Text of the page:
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An analysis of the Yahoo! passwords

Last month the biggest security news in the mainstream press was about the password (hash) "breaches" at LinkedIn, eHarmony, and  Last week, it was a bunch of passwords that were leaked via a Yahoo! service.  These passwords were for a particular Yahoo! service, but the e-mail addresses being used were for quite a few domains.  There has been some discussion of whether, for example, the passwords for Google accounts were also exposed.  The short answer is, if the user committed one of the cardinal sins of passwords and reused the same one for multiple accounts, then, yes, some Google (or other) passwords may also have been exposed.  Having said all of that, that isn't primarily what I wanted to look at today.  I also don't plan to spend too much time on the password policy (or lack thereof) or the fact that the passwords were apparently stored in the clear, both of which most security folks would probably agree are bad ideas.

The domains

First, I did a quick analysis of the domains.  I should note that some of the e-mail addresses were clearly invalid (misspelled domains, etc.).  There were a total of 35008 domains represented.  The top 20 domains (after converting all to lower case) are shown in the table below.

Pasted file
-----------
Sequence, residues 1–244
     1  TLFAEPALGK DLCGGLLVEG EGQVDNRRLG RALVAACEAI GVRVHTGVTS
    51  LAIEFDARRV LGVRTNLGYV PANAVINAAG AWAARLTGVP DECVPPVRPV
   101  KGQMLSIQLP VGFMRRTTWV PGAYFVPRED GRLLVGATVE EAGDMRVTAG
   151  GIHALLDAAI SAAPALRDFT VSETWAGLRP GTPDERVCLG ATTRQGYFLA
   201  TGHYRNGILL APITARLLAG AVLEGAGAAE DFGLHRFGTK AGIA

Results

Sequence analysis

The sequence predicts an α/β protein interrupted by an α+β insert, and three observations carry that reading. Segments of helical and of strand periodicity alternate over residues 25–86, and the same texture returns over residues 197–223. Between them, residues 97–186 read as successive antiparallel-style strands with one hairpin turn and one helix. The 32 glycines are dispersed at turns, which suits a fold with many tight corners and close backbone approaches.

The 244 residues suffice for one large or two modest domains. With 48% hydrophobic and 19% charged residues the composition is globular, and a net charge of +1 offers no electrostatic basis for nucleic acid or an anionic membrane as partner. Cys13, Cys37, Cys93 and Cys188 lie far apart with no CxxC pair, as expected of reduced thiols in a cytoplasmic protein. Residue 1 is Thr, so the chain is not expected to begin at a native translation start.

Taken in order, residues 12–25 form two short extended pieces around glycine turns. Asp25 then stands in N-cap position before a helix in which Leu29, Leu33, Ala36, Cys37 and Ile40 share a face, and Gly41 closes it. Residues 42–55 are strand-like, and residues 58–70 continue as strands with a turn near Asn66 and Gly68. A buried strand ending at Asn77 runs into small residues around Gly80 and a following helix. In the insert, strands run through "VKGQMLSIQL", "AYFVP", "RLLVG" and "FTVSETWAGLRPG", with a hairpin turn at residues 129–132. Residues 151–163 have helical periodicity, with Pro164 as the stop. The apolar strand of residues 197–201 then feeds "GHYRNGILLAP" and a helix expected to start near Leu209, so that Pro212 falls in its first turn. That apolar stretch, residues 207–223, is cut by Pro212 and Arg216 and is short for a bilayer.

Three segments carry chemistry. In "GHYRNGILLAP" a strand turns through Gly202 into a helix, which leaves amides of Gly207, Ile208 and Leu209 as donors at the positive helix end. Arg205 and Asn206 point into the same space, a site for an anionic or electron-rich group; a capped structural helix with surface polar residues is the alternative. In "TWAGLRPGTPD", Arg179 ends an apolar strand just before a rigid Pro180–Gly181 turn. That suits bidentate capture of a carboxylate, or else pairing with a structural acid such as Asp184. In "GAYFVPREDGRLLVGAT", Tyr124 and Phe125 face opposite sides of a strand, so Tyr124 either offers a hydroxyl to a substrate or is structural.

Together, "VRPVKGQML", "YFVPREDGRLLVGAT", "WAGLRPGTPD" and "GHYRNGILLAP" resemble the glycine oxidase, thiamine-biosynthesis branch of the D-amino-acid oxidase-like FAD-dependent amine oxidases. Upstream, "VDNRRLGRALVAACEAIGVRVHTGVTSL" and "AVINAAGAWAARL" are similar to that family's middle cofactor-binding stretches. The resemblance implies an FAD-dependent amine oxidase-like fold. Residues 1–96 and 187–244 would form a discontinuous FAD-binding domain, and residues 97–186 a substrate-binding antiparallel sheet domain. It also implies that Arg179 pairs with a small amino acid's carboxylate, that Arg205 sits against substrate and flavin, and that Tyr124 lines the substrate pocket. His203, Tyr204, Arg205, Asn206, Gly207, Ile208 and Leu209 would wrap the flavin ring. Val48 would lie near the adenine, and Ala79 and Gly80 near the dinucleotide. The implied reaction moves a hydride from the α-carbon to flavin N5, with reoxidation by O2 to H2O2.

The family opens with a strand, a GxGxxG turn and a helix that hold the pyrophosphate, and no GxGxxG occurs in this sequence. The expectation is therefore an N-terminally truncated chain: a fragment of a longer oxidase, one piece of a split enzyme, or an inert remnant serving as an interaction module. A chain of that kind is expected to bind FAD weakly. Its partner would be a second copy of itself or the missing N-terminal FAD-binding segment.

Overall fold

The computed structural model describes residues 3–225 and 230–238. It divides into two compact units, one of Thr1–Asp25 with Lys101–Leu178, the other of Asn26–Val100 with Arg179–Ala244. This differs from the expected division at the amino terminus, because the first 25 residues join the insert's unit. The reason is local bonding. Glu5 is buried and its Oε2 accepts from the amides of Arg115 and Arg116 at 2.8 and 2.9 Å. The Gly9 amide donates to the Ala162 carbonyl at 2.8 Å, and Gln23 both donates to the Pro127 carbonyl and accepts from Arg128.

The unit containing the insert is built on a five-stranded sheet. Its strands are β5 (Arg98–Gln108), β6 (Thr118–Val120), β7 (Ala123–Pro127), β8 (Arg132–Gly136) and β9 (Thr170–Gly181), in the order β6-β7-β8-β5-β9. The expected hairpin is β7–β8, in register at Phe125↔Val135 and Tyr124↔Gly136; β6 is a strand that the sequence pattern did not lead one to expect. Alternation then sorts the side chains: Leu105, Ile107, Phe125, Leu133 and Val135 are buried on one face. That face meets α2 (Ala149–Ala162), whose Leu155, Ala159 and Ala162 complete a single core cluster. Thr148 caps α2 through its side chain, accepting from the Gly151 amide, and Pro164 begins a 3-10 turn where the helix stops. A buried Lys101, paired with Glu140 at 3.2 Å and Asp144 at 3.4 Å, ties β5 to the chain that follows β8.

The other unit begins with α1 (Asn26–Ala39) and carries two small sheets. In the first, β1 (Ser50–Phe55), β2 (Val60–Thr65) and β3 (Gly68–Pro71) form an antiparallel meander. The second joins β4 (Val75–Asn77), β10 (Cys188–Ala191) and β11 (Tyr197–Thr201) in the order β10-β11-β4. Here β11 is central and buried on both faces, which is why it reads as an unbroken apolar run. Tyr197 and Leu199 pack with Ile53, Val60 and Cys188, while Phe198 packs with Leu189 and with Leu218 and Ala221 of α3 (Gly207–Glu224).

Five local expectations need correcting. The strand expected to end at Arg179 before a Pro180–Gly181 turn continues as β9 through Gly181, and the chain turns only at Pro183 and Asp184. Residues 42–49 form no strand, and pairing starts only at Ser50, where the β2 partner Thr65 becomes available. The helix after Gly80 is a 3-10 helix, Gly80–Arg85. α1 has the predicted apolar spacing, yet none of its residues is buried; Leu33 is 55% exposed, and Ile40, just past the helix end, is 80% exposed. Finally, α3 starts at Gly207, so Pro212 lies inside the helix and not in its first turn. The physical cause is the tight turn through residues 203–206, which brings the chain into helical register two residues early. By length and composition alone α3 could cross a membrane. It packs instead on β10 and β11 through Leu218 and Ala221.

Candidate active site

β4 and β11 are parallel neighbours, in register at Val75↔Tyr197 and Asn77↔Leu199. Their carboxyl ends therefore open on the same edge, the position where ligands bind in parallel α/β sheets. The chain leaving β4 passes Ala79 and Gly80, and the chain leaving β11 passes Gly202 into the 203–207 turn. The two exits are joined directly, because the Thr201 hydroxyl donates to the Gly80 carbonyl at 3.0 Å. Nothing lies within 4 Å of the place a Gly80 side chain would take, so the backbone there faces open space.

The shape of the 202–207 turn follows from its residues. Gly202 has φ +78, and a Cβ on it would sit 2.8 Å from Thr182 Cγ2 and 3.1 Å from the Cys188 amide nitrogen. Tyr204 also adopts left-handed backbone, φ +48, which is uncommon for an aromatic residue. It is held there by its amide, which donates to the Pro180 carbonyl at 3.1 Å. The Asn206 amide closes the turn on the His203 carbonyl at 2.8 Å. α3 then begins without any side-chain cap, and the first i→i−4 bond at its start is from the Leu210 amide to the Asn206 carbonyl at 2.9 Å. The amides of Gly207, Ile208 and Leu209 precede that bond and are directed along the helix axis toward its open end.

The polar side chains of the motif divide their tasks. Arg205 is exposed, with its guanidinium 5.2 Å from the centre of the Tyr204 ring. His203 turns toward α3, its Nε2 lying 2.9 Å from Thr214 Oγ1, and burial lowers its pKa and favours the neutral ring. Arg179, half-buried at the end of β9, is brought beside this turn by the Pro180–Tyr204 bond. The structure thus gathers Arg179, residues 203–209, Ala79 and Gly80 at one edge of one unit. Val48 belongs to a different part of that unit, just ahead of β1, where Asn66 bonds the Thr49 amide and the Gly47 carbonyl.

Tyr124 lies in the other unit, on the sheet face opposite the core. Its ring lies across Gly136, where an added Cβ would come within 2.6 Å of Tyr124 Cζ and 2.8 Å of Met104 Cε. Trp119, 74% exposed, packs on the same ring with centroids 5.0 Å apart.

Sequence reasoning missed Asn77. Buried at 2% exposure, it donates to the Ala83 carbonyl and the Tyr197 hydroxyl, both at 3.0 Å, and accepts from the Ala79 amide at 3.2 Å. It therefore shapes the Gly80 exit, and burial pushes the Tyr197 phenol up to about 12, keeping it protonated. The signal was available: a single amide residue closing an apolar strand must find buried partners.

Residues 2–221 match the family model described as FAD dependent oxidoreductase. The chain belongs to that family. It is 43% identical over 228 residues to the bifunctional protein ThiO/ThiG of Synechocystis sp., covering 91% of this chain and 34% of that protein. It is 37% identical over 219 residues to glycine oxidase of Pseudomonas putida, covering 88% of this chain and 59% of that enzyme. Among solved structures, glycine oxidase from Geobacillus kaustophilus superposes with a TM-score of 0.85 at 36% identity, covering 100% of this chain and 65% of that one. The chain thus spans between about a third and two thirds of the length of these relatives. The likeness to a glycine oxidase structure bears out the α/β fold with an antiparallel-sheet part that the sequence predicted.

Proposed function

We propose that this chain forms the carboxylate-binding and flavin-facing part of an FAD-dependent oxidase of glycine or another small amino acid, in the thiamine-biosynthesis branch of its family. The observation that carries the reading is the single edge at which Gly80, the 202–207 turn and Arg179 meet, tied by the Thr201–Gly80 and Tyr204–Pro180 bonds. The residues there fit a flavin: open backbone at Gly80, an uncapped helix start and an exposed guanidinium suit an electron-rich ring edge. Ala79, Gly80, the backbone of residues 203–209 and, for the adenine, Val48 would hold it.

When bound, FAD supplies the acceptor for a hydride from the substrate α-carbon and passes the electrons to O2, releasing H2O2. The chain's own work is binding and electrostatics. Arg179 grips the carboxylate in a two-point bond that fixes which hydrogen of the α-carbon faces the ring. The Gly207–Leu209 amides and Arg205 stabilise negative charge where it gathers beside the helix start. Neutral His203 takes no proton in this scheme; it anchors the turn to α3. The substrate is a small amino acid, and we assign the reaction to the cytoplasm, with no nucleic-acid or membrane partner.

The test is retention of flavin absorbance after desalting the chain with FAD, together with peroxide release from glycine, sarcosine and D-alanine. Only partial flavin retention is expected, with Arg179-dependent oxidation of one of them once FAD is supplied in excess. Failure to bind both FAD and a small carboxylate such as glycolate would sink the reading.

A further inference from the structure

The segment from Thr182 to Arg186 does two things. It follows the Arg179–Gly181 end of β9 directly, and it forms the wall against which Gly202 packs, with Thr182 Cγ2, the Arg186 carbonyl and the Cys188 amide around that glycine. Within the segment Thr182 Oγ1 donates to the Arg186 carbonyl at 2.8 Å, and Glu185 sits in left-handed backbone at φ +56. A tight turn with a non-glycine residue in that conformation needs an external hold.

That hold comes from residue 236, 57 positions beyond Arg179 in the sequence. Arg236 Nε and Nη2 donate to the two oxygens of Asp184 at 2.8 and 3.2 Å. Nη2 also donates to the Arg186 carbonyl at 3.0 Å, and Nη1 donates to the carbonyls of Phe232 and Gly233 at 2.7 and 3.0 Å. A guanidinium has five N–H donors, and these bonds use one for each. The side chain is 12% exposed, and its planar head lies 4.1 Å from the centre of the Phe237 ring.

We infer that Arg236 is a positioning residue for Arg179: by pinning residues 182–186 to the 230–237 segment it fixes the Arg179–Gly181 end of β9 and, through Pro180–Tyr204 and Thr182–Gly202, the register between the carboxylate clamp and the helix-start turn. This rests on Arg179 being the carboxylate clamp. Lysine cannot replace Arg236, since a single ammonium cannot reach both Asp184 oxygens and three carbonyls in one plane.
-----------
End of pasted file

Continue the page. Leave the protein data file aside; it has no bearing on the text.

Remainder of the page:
The passwords

I saw an interesting analysis of the eHarmony passwords by Mike Kelly at the Trustwave SpiderLabs blog and thought I'd do a similar analysis of the Yahoo! passwords (and I didn't even need to crack them myself, since the Yahoo! ones were posted in the clear).  I pulled out my trusty install of pipal and went to work.  As an aside, pipal is an interesting tool for those of you that haven't tried it.  As I was preparing this diary, I noted that Mike says the Trustwave folks used PTJ, so I may have to take a look at that one, too. 

The first thing to note is that of the 442,836 passwords, there were 342,508 unique passwords, so over 100,000 of them were duplicates.

Looking at the top 10 passwords and the top 10 base words, we note that some of the worst possible passwords are right there at the top of the list. 123456 and password are always among the first passwords that the bad guys guess because for some reason we haven't trained our users well enough to get them to stop using them.  It is interesting to note that the base words in the eHarmony list seemed to be somewhat related to the purpose of the site (e.g., love, sex, luv, ...), I'm not sure what the significance of ninja, sunshine, or princess is in the list below.

Top 10 passwords
123456 = 1667 (0.38%)
password = 780 (0.18%)
welcome = 437 (0.1%)
ninja = 333 (0.08%)
abc123 = 250 (0.06%)
123456789 = 222 (0.05%)
12345678 = 208 (0.05%)
sunshine = 205 (0.05%)
princess = 202 (0.05%)
qwerty = 172 (0.04%)

Top 10 base words
password = 1374 (0.31%)
welcome = 535 (0.12%)
qwerty = 464 (0.1%)
monkey = 430 (0.1%)
jesus = 429 (0.1%)
love = 421 (0.1%)
money = 407 (0.09%)
freedom = 385 (0.09%)
ninja = 380 (0.09%)
sunshine = 367 (0.08%)

Next, I looked at the lengths of the passwords.  They ranged from 1 (117 users) to 30 (2 users).  Who thought allowing 1 character passwords was a good idea?